One of the best parts about bullets journaling is that your bullet journal can take whatever shape you need it to. As you become comfortable your bullet journal, you’ll probably find that your journal begins to look nothing like the complex and artistic spreads posted on social media (in fact, minimalist bullet journaling is an entire genre of bullet journaling that bucks this trend). Whether you use a traditional format for bullet journaling or a minimalist format, you’ll probably find yourself re-creating the same basic layouts over and over – in fact, I think this is a key to success in a bullet journal: finding layouts that work for you and replicating them throughout your journal. In fact, I list this technique as #1 in my tips for bullet journaling.
If you found this post, you likely already find yourself here: replicating layouts over and over by longhand copying.
In this post, I’ll be showing you a simple method for creating a layout stencil. To some this may seem like an obvious path towards quickly reproducing pages you love to use in your bullet journal, but I hope for some this will be a new idea, and one that can help your bullet journal work harder for you.
In this case, I’m setting up a template for a travel journal layout in my bullet journal. When I need to reproduce a page multiple times, I use tracing paper to transfer my design onto card stock or plastic template material. By creating a template, I can quickly reproduce similar layouts for different pages.
To create visual interest on your pages even when you are adding the same information and type of content, you can create variations on the layout– such as having stencils marked “TRAVEL-A,” “TRAVEL-B,” etc.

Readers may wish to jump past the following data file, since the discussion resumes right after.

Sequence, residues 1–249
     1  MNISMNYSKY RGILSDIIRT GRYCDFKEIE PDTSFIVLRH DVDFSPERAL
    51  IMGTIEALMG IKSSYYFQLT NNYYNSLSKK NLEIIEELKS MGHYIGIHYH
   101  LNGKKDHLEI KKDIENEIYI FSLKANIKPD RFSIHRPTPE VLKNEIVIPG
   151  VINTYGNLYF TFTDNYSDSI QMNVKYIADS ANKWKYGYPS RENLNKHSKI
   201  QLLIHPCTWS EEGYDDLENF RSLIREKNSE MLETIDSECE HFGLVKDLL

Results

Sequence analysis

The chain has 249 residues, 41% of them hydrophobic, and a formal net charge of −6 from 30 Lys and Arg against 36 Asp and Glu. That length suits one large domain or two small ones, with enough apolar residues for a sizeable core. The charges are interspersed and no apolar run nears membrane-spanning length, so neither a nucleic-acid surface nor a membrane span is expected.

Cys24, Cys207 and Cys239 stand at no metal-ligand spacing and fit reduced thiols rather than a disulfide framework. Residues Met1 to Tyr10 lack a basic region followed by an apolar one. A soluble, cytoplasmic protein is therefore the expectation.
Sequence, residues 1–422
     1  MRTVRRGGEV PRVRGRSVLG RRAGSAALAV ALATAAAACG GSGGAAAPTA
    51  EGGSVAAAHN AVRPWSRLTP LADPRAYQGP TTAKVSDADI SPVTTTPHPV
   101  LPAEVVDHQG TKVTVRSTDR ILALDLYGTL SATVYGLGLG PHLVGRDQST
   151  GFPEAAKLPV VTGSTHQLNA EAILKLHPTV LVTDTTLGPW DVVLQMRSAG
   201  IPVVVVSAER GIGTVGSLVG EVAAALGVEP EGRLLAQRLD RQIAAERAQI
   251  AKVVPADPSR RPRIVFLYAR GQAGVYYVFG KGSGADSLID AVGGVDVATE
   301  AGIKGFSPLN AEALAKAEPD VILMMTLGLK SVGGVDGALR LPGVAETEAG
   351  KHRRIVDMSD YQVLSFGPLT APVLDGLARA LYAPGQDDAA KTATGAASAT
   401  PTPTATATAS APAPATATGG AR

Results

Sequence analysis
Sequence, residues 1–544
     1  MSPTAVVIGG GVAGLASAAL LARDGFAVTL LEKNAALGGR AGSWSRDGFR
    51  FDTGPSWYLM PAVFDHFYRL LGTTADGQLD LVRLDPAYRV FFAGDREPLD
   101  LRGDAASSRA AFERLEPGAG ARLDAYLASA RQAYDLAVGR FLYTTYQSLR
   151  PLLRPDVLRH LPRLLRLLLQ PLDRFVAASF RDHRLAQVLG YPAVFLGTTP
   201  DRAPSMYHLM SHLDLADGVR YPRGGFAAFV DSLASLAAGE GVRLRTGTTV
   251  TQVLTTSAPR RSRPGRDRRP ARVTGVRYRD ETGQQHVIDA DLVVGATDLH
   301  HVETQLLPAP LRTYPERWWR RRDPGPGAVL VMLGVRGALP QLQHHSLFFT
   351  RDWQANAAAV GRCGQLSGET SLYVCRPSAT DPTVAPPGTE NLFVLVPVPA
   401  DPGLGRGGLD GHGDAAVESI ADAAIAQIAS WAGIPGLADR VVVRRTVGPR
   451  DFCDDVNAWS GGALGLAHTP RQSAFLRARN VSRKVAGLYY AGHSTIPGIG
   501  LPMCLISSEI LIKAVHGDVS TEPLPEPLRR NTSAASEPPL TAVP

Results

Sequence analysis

Preplanning a bullet journal with a template is especially helpful when it comes to seasons in which you know that you will be busy and suspect your journal might be put on the back burner if it isn’t easy and ready-to-go. For example, academic spreads at the beginning of the school year or this travel journal spread. Creating pages in advance (or even just creating softly penciled guides onto pages) is a time-saving shortcut for easily making your bullet journal look great.
How to make your bullet journal stencil
You can use plastic specifically made for making stencils or, like me, just find some thin cardboard – in this post I’m just using an empty La Croix box (and we ALL have those, right?!)
First, I cut a panel sized to the average bullet journal page – about 5″ x 8″.
I usually do this by getting myself a workable, section of cardboard, and then laying either a page from my journal or the entire journal on top and cutting around the shape of the journal.
Next, I line up my page on top of the cardboard. Typically, I do not use the original page – but a version that I have traced onto a disposable sheet of paper. This keeps the original in my journal and looking great rather than being sacrificed for the creation of a template.
Carefully, and working on top of a protected surface, such as a sheet of corrugated cardboard. Use a craft knife or X-Acto blade to cut out sections for text boxes.
Gently remove the cardboard from inside the text boxes:
…and you’ll have a functional template that is ready to use. To get perfectly straight edges, you can use graph paper or straighten your template by scanning and adding geometrically perfect shapes to it before printing.
I find it helpful to label my homemade bullet journal templates with a sharpie, so I remember how I’ve used the template in the past.
With a finished template, it’s easy to replicate your favorite layouts without needing to measure or plot out the page.
Lindsayanne is a professional artist, writer, and serial-DIY-er with a knack for solving problems creatively at home, in the studio, out in the garden, and even online. Learn more about Lindsay, her training, and her background here.